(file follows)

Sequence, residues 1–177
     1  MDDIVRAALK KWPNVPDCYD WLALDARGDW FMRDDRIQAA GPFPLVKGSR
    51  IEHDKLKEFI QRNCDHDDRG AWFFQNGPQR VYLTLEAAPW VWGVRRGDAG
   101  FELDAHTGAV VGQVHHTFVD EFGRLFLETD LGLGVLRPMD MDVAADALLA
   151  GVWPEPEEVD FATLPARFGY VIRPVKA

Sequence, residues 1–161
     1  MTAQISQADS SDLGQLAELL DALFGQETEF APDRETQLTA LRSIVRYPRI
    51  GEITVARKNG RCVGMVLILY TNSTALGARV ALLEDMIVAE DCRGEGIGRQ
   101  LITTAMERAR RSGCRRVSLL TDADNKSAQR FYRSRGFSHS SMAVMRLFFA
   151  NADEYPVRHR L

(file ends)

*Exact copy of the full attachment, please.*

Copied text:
Sequence, residues 1–177
     1  MDDIVRAALK KWPNVPDCYD WLALDARGDW FMRDDRIQAA GPFPLVKGSR
    51  IEHDKLKEFI QRNCDHDDRG AWFFQNGPQR VYLTLEAAPW VWGVRRGDAG
   101  FELDAHTGAV VGQVHHTFVD EFGRLFLETD LGLGVLRPMD MDVAADALLA
   151  GVWPEPEEVD FATLPARFGY VIRPVKA

Sequence, residues 1–161
     1  MTAQISQADS SDLGQLAELL DALFGQETEF APDRETQLTA LRSIVRYPRI
    51  GEITVARKNG RCVGMVLILY TNSTALGARV ALLEDMIVAE DCRGEGIGRQ
   101  LITTAMERAR RSGCRRVSLL TDADNKSAQR FYRSRGFSHS SMAVMRLFFA
   151  NADEYPVRHR L